Don’t pack lunch, pick it!
How to forage in field, forest and foreshore, for grazers on the go.
DON’T EAT THAT DEAR. It’ll give you a very bad tummy ache!” As young’uns, we’ve probably all heard a concerned elder issue that stern warning as our lips were poised ready to devour the strange but appetising berry we’d plucked from a hedgerow. And ever since then, many of us have been wary of trying the fruits, flora and fungi that grow wild.
Foraging for wild food can seem daunting, but while eating some species will do you harm, many more are brilliantly tasty, wonderfully nutritious and best of all free. Confidently knowing the difference between what’s nasty and nice is the first step in a gastronomic adventure, bringing a new appreciation for edible plants you’ll previously have passed by without a second thought. Bored of just blackberry picking, Country Walking wanted to know what else we could safely nibble, munch and gorge upon when we’re out walking. We also wanted to discover wild ingredients we could take home to zhoosh up our culinary creations. So we enlisted the help of foraging expert Rachel Lambert to show us the ropes on her home patch in Cornwall. It’s a county with a diverse geography and accordingly diverse wild foods. From its open moorland and wooded valleys, to the coast and hedgerow-lined pastures, it boasts a unique mix of environments you can find up and down Britain. Foraging can improve a walk anywhere and every season brings something different to the menu.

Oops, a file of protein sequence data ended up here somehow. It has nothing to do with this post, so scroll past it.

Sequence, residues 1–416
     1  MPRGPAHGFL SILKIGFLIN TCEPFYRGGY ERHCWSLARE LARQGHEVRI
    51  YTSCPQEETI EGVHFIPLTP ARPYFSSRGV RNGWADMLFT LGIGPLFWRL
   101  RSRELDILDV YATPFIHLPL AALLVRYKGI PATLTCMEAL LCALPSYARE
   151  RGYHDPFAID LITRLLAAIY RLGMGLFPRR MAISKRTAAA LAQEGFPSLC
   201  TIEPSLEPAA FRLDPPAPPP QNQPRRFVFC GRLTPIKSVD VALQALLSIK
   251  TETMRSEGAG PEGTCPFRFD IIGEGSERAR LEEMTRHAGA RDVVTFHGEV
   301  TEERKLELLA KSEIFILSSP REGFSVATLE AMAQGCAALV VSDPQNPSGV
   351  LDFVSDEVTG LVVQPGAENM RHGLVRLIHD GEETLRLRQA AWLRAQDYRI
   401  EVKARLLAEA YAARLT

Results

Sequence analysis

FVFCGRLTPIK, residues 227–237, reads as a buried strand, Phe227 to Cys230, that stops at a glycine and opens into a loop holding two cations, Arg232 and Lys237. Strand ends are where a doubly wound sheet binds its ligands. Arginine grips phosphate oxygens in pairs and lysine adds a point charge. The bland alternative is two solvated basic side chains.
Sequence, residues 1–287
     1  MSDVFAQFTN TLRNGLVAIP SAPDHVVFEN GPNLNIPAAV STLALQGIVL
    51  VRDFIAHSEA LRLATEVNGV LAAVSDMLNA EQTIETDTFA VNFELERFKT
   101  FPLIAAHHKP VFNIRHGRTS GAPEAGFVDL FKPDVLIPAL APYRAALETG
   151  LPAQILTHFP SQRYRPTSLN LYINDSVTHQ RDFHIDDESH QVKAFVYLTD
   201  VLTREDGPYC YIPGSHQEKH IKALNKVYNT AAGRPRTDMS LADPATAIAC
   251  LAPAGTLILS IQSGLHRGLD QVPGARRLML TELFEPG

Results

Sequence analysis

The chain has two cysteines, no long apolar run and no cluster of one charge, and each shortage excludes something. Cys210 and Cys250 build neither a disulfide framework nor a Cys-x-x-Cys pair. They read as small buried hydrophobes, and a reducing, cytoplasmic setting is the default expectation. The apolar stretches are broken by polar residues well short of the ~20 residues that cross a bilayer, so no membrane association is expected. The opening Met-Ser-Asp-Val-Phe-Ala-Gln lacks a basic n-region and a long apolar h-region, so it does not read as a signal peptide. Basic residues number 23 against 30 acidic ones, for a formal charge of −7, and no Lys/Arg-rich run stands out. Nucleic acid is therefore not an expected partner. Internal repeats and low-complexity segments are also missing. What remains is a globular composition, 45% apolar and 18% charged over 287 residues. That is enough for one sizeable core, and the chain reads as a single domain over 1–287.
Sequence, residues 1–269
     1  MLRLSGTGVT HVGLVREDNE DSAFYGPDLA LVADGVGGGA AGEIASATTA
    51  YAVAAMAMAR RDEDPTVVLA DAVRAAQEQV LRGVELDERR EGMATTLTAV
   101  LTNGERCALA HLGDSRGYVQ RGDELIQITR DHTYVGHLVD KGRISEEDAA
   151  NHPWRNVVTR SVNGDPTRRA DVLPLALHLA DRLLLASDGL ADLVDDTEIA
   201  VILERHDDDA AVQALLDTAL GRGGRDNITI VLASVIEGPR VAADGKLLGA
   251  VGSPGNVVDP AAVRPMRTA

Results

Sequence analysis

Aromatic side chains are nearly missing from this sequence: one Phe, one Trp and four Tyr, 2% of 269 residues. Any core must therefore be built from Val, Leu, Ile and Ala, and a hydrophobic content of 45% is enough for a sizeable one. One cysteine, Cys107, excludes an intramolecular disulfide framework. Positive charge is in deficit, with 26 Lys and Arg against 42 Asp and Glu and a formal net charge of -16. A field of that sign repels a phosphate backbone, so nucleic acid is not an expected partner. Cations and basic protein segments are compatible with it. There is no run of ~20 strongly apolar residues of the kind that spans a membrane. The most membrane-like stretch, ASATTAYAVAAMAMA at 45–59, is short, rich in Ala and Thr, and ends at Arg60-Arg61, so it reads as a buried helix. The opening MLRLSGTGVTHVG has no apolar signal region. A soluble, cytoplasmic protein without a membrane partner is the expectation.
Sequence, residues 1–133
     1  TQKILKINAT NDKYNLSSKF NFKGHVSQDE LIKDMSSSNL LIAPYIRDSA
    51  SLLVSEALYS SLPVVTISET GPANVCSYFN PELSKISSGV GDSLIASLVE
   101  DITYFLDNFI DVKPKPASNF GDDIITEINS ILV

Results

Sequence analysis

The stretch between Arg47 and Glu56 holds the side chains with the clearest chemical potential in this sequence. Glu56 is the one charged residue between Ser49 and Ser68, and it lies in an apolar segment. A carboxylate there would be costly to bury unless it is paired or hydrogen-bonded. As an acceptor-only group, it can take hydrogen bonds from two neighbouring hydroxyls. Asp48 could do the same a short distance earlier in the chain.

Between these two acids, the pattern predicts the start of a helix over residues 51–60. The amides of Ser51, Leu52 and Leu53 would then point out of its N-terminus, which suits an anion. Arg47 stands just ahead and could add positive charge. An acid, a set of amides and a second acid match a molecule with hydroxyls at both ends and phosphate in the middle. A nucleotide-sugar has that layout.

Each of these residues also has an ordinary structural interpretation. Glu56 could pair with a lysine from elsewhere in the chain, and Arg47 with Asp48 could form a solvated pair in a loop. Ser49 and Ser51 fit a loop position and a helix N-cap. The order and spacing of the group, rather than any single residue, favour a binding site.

We spent a day with Rachel foraging beside the estuary of the River Camel and the rewards of our foray give a snapshot of what you can find here in the reliably fruitful month of September. In the next few pages, we’ve also included a few more common wild foods you’ll find in different locations and at different times of the year. Swot up on our foraging dos and don’ts ( p.73) and be sure to get hold of a good reference book before you head out. Bon appetit!
COASTAL CUISINE CW went looking for wild grub in the rich habitats of Cornwall’s Camel estuary, but the knowledge to forage applies anywhere in the UK.
COUNTRY WALKING’S CORNISH BOUNTY In just a few miles and a couple of hours’ wandering, we’d collected this scrumptious haul of healthy consumables from the shores of the Camel estuary. Our basket was laden with over 20 varieties of foraged foodstuffs.